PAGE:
Family and Developmental Characteristics
Suggestive themes emerge in family findings pertaining to the EDs. However, there are several important limitations of the literature in this area: (1) Very few of the available studies apply appropriate psychiatric control groups to establish specificity of observed patterns to eating syndromes. (2) Studies rarely provide for corroboration, by family members, of observations from actively eating-disordered participants. (3) Even when systematic tendencies are identified (ED-specific or otherwise), there remains a need to clarify whether they express dynamic family patterns (transmitted via psychosocial pathways), or effects of temperamental traits (representing inherited tendencies). These concerns aside, available data have provided partial corroboration of developmental theories on EDs (reviewed earlier).
Studies on anorexic individuals and their relatives have provided general corroboration of the concepts of enmeshment, overprotection, separation problems, and conflict avoidance. Studies report anorexics’ families to limit members’ autonomy, or to show unusually low levels of conflict. Crisp, Hsu, Harding, and Hartshorn (1980) reported disturbed parent-child interactions in about half of 102 cases of AN, with enmeshment being the most commonly reported theme. Goldstein (1981), using coded records of parent-child interactions, discriminated families of hospitalized anorexics from those of hospitalized nonanorexics, on dimensions reflecting requests for protection and conflict avoidance. Similarly, families of anorexics have been noted to show unusually low expressed emotion, indicating low levels of conflictual or disapproving interactions (Hodes & leGrange, 1993). Such observations are compatible with the concept of an enmeshed or underseparated familial organization. However, Kog, Vertommen, and Vandereycken’s (1987) study of families with an eating-disordered daughter indeed identified a subset that displayed low conflict, although they found this pattern to coincide with bulimic ED variants as frequently as it did with restrictive ones. Their finding raises some doubts about the specificity of the conflict-avoiding, enmeshed family concept for AN.
Observational studies of families in which binge-purge syndromes develop have tended to corroborate the perspective that such syndromes coincide relatively more often with overt familial discord and hostility. For example, Sights and Richards (1984) noted bulimics’ families to display marked parent-daughter stress and rated bulimics’ mothers as being domineering and demanding. Similar themes are conveyed by Humphrey’s rather extensive observational work with eating-disordered families (see Humphrey, 1991). In studies comparing bulimic-anorexic mother-father-daughter triads to those of normal triads, her findings showed the bulimicanorexic families to be more blameful, rejecting, and neglectful, and less nurturant and comforting. Likewise, in a series of studies contrasting family processes in females with normal-weight bulimia, bulimic AN, restrictive AN, or no ED, Humphrey found the families of both bulimic subgroups to be prone to deficits in parental nurturance and (to some extent) empathy. In keeping with this notion, studies have indicated expressed emotion (i.e., open conflict and critical comments) to be greater in bingers’ than in restrictors’ families (Hodes & leGrange, 1993).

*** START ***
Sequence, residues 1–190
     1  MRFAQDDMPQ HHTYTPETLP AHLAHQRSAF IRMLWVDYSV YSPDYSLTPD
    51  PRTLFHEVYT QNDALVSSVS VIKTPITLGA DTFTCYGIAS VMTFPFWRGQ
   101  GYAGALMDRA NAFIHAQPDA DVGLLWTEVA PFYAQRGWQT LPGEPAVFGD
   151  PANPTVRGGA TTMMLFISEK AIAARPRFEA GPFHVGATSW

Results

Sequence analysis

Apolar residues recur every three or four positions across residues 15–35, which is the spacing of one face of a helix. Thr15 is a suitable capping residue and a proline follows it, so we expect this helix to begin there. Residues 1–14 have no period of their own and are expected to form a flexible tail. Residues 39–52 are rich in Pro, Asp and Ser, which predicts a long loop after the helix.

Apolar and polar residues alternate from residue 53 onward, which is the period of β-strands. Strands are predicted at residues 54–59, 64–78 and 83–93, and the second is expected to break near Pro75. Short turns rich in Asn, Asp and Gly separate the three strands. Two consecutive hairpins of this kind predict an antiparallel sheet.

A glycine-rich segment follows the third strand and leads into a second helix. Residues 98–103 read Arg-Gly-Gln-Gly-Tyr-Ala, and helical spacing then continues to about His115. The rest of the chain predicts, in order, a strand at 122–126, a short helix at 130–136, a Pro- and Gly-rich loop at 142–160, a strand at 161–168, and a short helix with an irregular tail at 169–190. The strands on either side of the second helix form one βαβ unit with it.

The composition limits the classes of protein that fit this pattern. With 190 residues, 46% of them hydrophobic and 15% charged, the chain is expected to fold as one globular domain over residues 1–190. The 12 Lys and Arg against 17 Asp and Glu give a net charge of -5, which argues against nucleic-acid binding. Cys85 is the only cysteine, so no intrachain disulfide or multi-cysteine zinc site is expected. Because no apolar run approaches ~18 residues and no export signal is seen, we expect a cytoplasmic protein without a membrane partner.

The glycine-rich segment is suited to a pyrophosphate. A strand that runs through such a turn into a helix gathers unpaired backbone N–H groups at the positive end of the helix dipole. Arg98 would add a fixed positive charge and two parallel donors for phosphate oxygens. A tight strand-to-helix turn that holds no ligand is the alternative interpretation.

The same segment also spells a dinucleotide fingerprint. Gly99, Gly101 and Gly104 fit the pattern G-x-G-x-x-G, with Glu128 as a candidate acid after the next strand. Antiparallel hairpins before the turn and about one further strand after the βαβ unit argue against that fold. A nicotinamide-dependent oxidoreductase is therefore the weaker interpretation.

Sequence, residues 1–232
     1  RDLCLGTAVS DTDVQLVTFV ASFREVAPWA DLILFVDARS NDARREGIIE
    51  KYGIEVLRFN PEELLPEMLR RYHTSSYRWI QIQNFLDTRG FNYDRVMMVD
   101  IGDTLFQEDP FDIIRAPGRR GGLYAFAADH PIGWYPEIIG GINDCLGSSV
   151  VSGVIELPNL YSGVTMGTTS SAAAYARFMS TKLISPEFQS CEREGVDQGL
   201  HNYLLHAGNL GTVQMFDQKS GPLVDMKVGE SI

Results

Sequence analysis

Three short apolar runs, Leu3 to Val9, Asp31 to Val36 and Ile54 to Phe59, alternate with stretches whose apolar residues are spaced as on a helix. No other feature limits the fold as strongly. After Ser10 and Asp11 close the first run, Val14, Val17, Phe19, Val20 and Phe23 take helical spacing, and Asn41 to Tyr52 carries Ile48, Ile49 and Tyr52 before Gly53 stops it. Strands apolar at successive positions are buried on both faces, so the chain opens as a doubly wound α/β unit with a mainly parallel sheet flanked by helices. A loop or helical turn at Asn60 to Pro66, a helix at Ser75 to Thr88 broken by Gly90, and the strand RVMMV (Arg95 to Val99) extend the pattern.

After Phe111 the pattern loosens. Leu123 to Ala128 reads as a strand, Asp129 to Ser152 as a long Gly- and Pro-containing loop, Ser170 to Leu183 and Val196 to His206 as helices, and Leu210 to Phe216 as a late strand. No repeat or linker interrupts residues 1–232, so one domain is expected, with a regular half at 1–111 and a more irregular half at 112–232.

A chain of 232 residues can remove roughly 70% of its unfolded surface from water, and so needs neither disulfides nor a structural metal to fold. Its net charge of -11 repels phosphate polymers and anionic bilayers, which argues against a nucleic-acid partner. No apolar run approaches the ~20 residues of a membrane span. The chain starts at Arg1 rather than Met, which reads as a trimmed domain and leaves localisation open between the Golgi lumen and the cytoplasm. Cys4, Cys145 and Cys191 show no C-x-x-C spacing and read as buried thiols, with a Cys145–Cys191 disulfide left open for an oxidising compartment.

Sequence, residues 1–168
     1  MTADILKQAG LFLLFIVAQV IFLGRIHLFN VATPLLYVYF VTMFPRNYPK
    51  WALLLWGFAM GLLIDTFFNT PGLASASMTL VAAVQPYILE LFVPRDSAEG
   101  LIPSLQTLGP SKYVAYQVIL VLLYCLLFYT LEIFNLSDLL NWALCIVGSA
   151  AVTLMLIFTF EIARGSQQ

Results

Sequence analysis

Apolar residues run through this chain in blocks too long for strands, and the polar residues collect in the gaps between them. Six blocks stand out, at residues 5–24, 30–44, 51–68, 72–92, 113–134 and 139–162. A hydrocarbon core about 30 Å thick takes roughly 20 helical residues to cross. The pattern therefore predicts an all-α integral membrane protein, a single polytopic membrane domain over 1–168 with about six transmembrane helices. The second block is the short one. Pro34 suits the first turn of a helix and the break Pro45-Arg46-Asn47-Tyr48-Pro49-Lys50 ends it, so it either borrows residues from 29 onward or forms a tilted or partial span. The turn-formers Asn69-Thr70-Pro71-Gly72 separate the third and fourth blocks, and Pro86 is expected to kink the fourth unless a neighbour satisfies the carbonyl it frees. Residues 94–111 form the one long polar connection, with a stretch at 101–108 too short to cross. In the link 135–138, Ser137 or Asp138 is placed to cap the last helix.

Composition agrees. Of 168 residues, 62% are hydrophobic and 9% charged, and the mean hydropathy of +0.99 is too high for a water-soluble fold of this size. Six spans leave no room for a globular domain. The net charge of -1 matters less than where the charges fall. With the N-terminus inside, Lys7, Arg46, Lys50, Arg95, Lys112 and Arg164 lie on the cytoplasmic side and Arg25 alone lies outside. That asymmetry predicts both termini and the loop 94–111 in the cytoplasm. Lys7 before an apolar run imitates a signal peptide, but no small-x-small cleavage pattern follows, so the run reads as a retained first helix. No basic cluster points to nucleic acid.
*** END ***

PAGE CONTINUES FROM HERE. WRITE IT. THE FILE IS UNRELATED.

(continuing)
Data on family interaction patterns in BED are very rare, making it premature to draw conclusions. However, Hodges, Cochrane, and Brewerton (1998) obtained self-reports on family functioning in 23 anorexic-restrictor, 45 bulimic, 20 anorexic-binger, and 43 BED women. The BED patients reported less family cohesion than did anorexic ones and less familial expressiveness than did bulimic ones. The BED women also indicated their families to show less cohesion, expressiveness, independence, and intellectual-cultural and active-recreational pursuits than did women in a normal control group. Relative to the normal control women, BED patients reported their families to be higher on dimensions measuring conflict and control. In other words, BED patients seemed to be reporting a constellation of family interaction patterns that was at least partially reminiscent of those of BN patients.
Although there are systematic convergences between family interaction patterns (on the one hand) and ED subtypes (on the other), recent thinking on family factors in the EDs is close to abandoning the probably unrealistic notion that there may be ED-specific family interaction variants. Instead, theorists address more interesting questions about the possible modulating role of family functioning in the development and maintenance of eating symptoms. Schmidt, Humfress, and Treasure (1997) noted that severity of family dysfunction corresponds closely to severity of personality pathology in affected individuals, suggesting a modulating influence of family functioning enacted through concurrent psychopathological traits.
It is appealing to presume that the EDs depend upon psychosocial induction effects in which parents convey maladaptive concerns with body image, weight, and eating to their children. Indeed, in clinical populations, many studies report parents of ED sufferers to show abnormal eating and body-image attitudes (e.g., Hall & Brown, 1983). However, many others report an absence of differences between parents with and without eating-disordered daughters (e.g., Hall, Leibrich, Walkley, & Welch, 1986). At the same time, various findings are consistent with parental influences upon children’s eating behavior. Miller, McCluskey-Fawcett, and Irving (1993) compared perceptions of early mealtime experiences across normal eaters, repeat dieters, and bulimics, and found the bulimics to display more eating-related issues in the early family context. In a related vein, a recent study of 369 adolescent girls and their parents found that parents’ encouragements to daughters to lose weight were more significant as predictors of daughters’ dietary restraint than were parents’ own dietary restraint levels, and mothers’ encouragements were more influential than were fathers’ (Wertheim, 1999). Such findings may be sensitive to retrospective reporting biases but they are consistent with the idea that the family’s eating and body-image-relevant attitudes can convey risk for an ED.